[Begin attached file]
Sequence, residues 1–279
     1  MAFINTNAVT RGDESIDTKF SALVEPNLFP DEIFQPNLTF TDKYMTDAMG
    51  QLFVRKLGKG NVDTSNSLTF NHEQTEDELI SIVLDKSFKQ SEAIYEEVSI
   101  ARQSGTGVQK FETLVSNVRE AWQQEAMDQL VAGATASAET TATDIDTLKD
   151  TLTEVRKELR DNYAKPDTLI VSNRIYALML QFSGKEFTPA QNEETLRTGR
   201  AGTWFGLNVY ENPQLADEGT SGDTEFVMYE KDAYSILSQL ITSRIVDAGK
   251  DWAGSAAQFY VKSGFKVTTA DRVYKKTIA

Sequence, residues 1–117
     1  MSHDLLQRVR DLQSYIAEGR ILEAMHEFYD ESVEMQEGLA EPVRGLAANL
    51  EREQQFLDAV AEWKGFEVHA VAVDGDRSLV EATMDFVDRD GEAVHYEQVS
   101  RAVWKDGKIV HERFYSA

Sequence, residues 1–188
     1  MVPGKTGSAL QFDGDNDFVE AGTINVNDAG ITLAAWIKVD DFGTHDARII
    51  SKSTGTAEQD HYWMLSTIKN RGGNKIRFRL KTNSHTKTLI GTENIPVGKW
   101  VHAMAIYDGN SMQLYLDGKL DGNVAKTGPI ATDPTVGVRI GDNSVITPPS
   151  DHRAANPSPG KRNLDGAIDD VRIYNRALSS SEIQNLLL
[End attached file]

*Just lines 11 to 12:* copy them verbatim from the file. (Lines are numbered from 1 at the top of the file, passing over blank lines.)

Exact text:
   101  RAVWKDGKIV HERFYSA

Sequence, residues 1–188